Respect the Parallelogram

Here’s a tweetstorm that demands respect:


And now the storm:

  • First: don’t disrespect geometry and don’t effin disrespect parallelograms – particularly IN a parallelogram…
  • The SIGN is a parallelogram (rectangle) as is the WINDOW. Structurally the building is held up with triangles & parallelograms…
  • The graphic software used to MAKE the sign contains maths that deals with vectors & hence PARALLELOGRAMS…
  • EVERY season is PARALLELOGRAM season if you live in a built environment or use technology. I’m bloody glad I learnt about parallelograms…
  • Imagine if I’d spent my time learning about taxes at school instead of parallelograms…
  • 1 it would all be out of date now & 2 be about the wrong country & 3 be so vague as to be irrelevant to my current life.
  • Oh & 4 be as dull as shit. Whereas geometry is truly amazing…
  • …now no offence to accountants in general. I admire all maths related disciplines & accountants are unfairly maligned as dull…
  • BUT don’t shit on a different field of maths for cheap laughs…
  • ‘But it is just a joke’ no it is a shitty joke that perpetuates a shitty idea: that only ‘useful’ maths is worth learning.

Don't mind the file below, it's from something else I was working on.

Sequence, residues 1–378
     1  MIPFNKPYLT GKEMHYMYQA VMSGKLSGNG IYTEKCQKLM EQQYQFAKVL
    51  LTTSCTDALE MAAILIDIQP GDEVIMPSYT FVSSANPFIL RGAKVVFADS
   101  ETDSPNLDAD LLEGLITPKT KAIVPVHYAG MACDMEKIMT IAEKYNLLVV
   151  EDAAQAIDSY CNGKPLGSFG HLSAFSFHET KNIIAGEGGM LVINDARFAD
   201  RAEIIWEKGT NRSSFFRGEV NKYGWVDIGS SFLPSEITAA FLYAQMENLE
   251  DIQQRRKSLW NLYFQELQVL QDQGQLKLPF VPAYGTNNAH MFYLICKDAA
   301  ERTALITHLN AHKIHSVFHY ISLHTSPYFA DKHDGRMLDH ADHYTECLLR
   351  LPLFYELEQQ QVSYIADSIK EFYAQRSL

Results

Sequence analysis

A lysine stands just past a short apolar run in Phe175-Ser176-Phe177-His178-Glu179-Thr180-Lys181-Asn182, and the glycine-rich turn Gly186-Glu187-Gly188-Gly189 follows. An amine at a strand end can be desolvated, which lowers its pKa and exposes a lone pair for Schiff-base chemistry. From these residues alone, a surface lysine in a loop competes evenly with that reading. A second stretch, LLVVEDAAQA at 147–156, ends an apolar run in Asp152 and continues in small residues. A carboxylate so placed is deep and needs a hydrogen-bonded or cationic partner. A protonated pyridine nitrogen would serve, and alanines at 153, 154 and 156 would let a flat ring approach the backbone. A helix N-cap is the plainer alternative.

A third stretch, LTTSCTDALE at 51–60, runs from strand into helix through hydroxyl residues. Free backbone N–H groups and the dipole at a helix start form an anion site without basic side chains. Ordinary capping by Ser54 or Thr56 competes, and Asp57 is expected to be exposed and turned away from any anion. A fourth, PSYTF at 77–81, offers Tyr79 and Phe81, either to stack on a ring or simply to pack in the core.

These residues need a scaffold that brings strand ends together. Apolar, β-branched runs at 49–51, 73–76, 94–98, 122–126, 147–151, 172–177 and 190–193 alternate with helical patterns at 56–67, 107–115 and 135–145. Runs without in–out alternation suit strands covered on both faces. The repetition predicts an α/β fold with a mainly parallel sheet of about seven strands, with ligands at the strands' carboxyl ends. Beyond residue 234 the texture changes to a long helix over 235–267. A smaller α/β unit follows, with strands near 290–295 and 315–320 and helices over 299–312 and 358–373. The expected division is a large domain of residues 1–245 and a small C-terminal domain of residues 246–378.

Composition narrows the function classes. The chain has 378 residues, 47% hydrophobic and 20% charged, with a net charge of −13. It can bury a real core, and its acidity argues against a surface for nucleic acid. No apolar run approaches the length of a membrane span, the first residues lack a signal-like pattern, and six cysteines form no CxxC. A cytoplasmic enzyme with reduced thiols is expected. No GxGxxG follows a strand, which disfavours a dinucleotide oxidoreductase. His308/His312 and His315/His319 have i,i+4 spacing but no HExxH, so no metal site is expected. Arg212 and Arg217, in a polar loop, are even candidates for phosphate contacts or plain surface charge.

• ‘Useful’ is a shitty standard for general education. Drama, literature, art, music we learn because they are good in themselves…
  • ‘Oh but STEM is different!’ No! Name a dinosaur – go on. I bet you can name several correctly with the right technical name…
  • …how come? Most people will never need to deal with actual dinosaurs. But we learn about them because they are FUN and weird & freaky…
  • People who succeed in maths & related areas find pleasure in maths. ‘Useful’ has its place but it is not as powerful as pleasure.
  • …and tying down a subject whose power is its abstractness with ‘useful’ means that it will always fail…
  • ‘When will I use this’ I don’t know because you haven’t lived your life yet!…
  • Anyway. Moral: don’t disrespect parallelograms.

Quite so. The problem with parallelograms is that they’re a con. They tell you that finding the area is simple: it’s base · height. Easy peasy!

But what’s the height? Crap. The length of the sides isn’t enough to figure that out. You need to know the angles too. And then you have to apply some trigonometry:

So there you go: the area of a parallelogram is a · b · sin α. Greek letters! Blecch. So sure, respect the parallelogram, but only because such a simple looking thing requires more math than you’d think to figure it out.

No worries, though. You’ll need it when you take physics anyway.

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